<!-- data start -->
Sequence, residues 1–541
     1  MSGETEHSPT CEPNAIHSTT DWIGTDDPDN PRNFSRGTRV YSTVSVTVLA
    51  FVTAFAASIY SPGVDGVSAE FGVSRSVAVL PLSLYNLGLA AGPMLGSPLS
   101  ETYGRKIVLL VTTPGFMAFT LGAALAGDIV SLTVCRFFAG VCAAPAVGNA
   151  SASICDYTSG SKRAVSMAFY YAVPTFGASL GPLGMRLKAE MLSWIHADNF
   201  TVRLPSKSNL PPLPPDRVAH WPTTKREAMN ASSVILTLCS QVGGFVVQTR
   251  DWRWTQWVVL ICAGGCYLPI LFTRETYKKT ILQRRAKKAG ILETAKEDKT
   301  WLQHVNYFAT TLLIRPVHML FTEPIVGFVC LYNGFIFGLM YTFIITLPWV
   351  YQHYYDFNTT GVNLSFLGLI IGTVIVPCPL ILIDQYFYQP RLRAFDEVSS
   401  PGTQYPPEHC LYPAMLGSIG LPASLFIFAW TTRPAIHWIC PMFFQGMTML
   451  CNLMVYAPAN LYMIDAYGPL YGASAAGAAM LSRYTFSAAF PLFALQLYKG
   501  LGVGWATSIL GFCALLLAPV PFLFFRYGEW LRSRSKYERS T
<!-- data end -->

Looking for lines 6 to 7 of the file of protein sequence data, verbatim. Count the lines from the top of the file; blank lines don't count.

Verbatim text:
   201  TVRLPSKSNL PPLPPDRVAH WPTTKREAMN ASSVILTLCS QVGGFVVQTR
   251  DWRWTQWVVL ICAGGCYLPI LFTRETYKKT ILQRRAKKAG ILETAKEDKT